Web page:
The Rise of China's Independent Refineries

The Rise of China's Independent Refineries

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Fellow Erica Downs examines the history of China’s independent "teapot" refining sector, which has had a significant impact on oil markets since Beijing’s decision in 2015 to allow these refineries to import crude oil through a system of import quotas and licenses. The unique study, which draws on both external and local sources, including Chinese-language media reports, explores the teapots' transformation over the past three years, their impact on domestic and international energy markets, and the outlook for their future. In short, the paper finds:

  • Beijing's decision in 2015 to award China's independent refineries crude oil import quotas and licenses has transformed the world oil market. By the end of 2016, “teapots” held nearly 1.5 million barrels per day of oil, equivalent to the net crude oil imports of Spain in 2014, adding to China’s already significant market power as the world’s second largest importer.
  • While the central government's policy towards the independent refineries will continue to evolve, Beijing is unlikely to reverse its decision to allow qualified teapots direct access to crude imports. Empowering these refiners helps the government achieve goals such as consolidating the independent refining sector, pressuring the national oil companies to become more efficient, and pushing broader oil industry reform.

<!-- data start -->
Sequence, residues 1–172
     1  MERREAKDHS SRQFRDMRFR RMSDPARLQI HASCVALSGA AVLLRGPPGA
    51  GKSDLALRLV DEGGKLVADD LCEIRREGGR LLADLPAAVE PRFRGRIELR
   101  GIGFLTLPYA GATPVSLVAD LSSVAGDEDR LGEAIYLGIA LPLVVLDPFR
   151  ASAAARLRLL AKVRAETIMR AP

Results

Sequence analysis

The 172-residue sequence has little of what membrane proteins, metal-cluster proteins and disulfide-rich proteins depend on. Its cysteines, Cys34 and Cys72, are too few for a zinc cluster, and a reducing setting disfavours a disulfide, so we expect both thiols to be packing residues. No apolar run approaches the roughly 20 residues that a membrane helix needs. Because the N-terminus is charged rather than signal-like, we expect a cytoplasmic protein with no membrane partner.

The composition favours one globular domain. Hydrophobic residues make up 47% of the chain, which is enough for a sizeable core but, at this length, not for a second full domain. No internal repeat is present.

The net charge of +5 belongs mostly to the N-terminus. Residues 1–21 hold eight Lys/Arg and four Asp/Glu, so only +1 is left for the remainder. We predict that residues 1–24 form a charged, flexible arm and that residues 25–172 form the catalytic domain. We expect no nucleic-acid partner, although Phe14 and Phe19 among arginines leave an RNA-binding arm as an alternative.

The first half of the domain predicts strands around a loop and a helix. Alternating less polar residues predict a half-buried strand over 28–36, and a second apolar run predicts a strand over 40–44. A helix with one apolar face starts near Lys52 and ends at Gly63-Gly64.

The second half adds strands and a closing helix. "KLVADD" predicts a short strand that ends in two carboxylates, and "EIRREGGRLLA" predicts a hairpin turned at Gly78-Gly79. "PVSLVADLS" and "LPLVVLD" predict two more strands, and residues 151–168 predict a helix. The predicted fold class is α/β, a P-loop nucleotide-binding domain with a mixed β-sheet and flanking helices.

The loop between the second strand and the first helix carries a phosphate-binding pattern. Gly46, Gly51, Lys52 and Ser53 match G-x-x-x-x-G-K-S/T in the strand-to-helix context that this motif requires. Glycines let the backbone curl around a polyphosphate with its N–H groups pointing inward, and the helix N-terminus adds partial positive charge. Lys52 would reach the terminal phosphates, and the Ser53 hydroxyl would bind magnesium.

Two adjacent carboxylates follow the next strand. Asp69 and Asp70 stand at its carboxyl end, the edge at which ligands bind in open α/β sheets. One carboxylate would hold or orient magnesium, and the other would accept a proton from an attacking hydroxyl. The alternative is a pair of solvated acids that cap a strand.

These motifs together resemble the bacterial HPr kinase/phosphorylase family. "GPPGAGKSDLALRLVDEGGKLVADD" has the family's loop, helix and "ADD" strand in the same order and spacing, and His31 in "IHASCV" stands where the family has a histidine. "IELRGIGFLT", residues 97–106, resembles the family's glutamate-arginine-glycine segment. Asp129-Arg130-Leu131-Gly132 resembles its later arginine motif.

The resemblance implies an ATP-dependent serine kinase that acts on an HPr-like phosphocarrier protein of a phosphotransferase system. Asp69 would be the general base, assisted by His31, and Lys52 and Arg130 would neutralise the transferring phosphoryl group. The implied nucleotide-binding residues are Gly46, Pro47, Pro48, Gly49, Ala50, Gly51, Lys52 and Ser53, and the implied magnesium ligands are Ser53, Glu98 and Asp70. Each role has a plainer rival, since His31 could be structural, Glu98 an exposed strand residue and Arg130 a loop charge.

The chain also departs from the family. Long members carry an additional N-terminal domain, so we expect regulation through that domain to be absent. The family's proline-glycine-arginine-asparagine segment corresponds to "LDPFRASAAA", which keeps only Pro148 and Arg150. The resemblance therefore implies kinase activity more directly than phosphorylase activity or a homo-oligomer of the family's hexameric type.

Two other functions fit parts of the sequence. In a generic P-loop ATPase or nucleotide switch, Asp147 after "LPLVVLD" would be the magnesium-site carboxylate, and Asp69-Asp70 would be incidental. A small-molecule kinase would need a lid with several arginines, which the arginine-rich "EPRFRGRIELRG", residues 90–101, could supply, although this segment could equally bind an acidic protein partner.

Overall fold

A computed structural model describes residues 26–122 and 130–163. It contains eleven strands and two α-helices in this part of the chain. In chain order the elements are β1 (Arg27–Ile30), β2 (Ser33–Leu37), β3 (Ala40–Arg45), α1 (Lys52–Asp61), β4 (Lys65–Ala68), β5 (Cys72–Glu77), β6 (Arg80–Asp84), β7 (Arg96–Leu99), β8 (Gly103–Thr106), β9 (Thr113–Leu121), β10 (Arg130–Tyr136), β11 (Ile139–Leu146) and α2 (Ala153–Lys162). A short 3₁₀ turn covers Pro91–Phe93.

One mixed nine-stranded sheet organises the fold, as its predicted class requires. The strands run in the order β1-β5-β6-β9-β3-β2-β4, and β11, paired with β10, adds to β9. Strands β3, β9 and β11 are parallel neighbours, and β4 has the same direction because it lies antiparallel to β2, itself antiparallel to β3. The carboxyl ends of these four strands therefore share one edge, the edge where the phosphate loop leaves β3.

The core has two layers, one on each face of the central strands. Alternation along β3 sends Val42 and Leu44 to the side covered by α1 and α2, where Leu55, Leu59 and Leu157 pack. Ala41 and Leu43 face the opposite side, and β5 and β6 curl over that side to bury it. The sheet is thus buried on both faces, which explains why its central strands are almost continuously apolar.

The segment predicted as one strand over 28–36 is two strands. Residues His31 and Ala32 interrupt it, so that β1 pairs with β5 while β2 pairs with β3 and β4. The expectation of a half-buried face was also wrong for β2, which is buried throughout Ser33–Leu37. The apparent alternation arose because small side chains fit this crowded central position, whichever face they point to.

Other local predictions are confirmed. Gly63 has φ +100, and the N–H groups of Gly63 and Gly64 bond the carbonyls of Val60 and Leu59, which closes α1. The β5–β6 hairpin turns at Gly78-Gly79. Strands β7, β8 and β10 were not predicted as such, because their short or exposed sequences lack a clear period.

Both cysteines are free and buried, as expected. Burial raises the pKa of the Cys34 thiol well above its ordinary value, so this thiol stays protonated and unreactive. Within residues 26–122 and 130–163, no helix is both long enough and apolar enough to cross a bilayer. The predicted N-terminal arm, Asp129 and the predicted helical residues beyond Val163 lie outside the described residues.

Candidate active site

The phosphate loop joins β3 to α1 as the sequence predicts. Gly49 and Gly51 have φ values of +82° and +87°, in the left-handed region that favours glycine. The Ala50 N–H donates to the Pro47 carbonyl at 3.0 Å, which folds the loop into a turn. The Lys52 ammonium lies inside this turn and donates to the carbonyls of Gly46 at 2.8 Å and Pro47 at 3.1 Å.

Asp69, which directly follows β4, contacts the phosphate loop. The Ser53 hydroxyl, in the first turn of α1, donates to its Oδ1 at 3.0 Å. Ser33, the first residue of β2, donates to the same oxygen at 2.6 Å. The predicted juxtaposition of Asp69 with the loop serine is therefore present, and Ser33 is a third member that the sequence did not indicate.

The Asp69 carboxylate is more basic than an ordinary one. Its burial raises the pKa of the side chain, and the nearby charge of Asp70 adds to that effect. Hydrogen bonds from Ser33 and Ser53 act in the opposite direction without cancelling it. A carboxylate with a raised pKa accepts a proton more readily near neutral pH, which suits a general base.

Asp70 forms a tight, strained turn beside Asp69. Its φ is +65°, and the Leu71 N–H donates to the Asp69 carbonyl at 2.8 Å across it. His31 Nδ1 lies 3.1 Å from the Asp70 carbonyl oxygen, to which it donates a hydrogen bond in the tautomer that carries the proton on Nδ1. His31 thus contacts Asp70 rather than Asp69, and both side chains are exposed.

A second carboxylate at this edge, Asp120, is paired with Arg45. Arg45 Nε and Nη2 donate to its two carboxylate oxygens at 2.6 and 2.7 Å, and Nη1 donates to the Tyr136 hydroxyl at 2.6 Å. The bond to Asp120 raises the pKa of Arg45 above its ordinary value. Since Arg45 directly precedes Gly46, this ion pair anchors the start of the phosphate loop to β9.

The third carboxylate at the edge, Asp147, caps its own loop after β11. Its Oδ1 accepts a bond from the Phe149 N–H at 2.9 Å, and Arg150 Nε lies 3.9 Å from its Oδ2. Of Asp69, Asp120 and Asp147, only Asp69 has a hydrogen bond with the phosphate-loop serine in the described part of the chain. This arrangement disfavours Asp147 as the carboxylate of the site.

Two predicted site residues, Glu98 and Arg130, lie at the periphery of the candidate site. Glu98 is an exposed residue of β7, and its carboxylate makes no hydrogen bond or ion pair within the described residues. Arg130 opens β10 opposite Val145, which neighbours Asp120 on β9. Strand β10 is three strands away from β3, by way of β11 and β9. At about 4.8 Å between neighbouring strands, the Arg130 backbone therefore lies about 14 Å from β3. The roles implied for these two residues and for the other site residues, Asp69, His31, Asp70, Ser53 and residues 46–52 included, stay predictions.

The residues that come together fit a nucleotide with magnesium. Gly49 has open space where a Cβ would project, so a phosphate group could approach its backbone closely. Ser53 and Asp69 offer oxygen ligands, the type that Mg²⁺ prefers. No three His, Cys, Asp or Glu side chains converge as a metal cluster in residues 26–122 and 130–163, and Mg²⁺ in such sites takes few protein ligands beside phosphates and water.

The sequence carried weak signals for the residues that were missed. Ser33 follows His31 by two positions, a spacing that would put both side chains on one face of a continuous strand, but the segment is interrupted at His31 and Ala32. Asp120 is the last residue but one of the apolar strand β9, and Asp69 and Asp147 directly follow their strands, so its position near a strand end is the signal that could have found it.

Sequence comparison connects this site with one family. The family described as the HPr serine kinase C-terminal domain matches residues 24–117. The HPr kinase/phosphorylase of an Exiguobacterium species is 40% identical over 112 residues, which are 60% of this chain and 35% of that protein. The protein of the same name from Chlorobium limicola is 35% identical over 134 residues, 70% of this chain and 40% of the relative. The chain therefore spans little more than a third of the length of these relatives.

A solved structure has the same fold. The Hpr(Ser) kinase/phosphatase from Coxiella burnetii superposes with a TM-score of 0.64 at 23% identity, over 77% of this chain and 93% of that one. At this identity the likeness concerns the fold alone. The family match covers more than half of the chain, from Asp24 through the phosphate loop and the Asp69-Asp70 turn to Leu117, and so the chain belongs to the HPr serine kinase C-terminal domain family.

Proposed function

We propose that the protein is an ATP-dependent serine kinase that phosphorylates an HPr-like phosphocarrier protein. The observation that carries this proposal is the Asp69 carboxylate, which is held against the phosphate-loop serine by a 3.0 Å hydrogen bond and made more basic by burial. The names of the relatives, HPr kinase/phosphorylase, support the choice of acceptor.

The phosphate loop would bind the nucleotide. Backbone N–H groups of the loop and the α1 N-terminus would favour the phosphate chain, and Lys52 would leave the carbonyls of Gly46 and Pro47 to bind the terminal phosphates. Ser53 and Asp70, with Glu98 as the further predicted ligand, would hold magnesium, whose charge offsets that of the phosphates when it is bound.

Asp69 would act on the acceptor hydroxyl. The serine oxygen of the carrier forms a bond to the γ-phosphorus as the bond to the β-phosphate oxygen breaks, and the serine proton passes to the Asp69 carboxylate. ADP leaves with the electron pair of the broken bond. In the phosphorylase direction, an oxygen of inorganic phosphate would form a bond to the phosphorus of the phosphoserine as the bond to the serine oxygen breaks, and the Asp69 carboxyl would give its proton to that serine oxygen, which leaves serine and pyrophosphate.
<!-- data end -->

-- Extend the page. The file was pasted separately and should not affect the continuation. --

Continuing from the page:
• Other repercussions are redefining global trade. Since they started receiving import quotas, Russia displaced Saudi Arabia as China's largest crude supplier on an annual basis in 2016, and other suppliers such as Angola and Brazil are gaining ground in the coveted market.
  • As larger refineries with greater access to imported crude thrive, smaller plants with less or no access will likely end up being acquired by stronger firms. Already there have been at least three mergers involving independent refineries in the first half of 2017.
  • Further consolidation pressure may come as "teapots" work to meet the China V fuel quality standard to reduce air pollution from vehicle emissions. Instituted in January 2017, this regulation will be challenging for smaller refiners which lack the technology and funds to make fuels that meet the government's limit for sulfur content.
  • Independent refineries are likely to remain opportunistic crude buyers as higher crude prices and greater government scrutiny of their tax payments and operations put pressure on their margins.